The Pilgrim.

A poem by Thomas Moore

Still thus, when twilight gleamed,
Far off his Castle seemed,
Traced on the sky;
And still, as fancy bore him.
To those dim towers before him,
He gazed, with wishful eye;
And thought his home was nigh.

"Hall of my Sires!" he said,
"How long, with weary tread,
"Must I toil on?
"Each eve, as thus I wander,
"Thy towers seem rising yonder,
"But, scarce hath daylight shone,
"When, like a dream, thou'rt gone!"

So went the Pilgrim still,
Down dale and over hill,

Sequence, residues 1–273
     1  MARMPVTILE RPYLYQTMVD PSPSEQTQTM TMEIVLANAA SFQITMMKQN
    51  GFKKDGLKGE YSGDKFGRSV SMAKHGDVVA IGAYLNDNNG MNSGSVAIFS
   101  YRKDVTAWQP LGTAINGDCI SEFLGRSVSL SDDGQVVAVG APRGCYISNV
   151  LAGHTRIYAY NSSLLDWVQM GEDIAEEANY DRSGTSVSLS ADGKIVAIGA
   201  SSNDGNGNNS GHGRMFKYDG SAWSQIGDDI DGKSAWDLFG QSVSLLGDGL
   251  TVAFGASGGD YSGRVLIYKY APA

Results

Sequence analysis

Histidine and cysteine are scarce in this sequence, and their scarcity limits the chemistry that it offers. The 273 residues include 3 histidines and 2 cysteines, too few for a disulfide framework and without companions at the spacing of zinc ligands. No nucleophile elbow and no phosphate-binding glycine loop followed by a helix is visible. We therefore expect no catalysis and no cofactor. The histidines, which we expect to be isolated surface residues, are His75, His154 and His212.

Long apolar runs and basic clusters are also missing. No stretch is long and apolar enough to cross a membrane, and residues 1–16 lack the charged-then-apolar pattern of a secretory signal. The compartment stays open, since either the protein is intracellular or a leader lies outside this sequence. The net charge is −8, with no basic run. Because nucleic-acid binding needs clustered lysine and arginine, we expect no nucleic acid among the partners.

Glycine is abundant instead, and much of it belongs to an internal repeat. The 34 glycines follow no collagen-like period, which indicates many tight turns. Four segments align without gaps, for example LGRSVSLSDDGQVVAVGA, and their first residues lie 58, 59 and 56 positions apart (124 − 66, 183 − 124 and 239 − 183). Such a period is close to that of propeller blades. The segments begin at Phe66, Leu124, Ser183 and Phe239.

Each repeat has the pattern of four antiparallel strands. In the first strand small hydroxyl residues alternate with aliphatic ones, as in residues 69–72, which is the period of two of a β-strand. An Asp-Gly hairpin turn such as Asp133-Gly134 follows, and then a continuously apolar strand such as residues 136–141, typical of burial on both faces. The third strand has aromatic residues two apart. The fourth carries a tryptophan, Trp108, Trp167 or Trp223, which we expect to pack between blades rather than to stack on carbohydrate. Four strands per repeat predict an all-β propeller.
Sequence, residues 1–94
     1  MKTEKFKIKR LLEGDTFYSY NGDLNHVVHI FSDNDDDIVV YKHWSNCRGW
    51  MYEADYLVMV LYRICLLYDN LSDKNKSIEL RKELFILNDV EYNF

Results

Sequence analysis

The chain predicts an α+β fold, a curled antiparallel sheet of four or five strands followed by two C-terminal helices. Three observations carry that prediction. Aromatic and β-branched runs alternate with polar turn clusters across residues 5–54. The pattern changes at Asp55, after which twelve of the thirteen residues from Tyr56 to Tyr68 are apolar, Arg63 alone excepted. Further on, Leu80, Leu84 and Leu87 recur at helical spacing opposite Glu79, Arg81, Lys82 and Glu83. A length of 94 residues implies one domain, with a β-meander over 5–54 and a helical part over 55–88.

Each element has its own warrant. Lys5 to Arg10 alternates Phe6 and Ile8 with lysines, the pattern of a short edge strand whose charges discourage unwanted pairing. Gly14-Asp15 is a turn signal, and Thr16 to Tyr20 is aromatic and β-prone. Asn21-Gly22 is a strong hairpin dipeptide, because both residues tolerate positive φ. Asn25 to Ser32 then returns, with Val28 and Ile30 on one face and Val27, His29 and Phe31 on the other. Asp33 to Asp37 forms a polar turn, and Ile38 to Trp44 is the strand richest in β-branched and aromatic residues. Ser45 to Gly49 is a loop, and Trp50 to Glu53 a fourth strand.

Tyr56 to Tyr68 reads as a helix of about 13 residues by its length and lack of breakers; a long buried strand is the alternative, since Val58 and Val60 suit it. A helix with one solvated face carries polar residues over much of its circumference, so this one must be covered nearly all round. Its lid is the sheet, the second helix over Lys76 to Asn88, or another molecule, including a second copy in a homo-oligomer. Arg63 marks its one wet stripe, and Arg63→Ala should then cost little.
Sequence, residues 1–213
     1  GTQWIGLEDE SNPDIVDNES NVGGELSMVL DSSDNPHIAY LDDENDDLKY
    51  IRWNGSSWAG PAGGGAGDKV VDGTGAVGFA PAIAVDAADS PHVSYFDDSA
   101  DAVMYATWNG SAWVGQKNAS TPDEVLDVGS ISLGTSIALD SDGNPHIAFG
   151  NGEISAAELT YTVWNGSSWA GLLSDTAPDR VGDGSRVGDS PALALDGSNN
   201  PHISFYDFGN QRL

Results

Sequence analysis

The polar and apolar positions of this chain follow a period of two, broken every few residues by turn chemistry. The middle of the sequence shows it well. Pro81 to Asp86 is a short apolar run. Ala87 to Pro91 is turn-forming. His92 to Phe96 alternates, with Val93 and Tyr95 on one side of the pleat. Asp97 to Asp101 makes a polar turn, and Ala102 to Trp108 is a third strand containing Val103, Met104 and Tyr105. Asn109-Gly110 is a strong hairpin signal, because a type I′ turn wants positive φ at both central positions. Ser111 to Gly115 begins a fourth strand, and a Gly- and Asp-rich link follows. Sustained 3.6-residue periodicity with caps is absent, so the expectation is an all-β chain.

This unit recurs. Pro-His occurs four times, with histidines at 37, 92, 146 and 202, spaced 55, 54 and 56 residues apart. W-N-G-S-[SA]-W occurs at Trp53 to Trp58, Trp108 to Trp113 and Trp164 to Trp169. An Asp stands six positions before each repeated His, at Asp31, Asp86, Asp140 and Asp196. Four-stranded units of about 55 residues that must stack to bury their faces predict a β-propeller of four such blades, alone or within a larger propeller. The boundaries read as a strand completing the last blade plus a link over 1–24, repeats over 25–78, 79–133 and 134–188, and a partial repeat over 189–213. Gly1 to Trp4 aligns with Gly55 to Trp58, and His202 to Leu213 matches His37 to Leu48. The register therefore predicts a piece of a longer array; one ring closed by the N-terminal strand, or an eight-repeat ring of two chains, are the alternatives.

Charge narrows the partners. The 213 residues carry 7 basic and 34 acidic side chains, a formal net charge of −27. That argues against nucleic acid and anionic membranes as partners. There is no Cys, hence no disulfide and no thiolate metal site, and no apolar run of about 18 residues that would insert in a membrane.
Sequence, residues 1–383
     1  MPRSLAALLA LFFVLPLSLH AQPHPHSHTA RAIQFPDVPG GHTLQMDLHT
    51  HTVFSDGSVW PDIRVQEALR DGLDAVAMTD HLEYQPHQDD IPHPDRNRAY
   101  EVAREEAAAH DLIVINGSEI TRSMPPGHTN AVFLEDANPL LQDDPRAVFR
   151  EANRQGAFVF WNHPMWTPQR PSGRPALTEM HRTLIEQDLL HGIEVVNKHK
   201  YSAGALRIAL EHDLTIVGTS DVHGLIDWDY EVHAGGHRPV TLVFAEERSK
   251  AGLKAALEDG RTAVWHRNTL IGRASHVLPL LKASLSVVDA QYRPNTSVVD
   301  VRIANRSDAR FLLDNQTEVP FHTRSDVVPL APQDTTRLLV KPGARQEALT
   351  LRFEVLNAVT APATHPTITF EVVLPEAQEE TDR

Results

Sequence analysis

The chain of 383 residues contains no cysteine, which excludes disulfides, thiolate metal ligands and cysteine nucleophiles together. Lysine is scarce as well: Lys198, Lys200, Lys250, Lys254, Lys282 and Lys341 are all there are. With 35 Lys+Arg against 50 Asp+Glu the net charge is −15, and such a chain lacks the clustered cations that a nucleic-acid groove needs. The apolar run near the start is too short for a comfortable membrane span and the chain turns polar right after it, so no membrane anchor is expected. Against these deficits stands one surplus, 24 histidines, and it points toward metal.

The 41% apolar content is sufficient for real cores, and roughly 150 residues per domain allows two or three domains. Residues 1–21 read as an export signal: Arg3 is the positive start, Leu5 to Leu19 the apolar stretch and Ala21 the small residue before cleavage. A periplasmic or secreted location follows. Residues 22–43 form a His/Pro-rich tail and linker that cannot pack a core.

Day after day;
That glimpse of home, so cheering,
At twilight still appearing,
But still, with morning's ray,
Melting, like mist, away!

Where rests the Pilgrim now?
Here, by this cypress bough,
Closed his career;
That dream, of fancy's weaving,
No more his steps deceiving,
Alike past hope and fear,
The Pilgrim's home is here.

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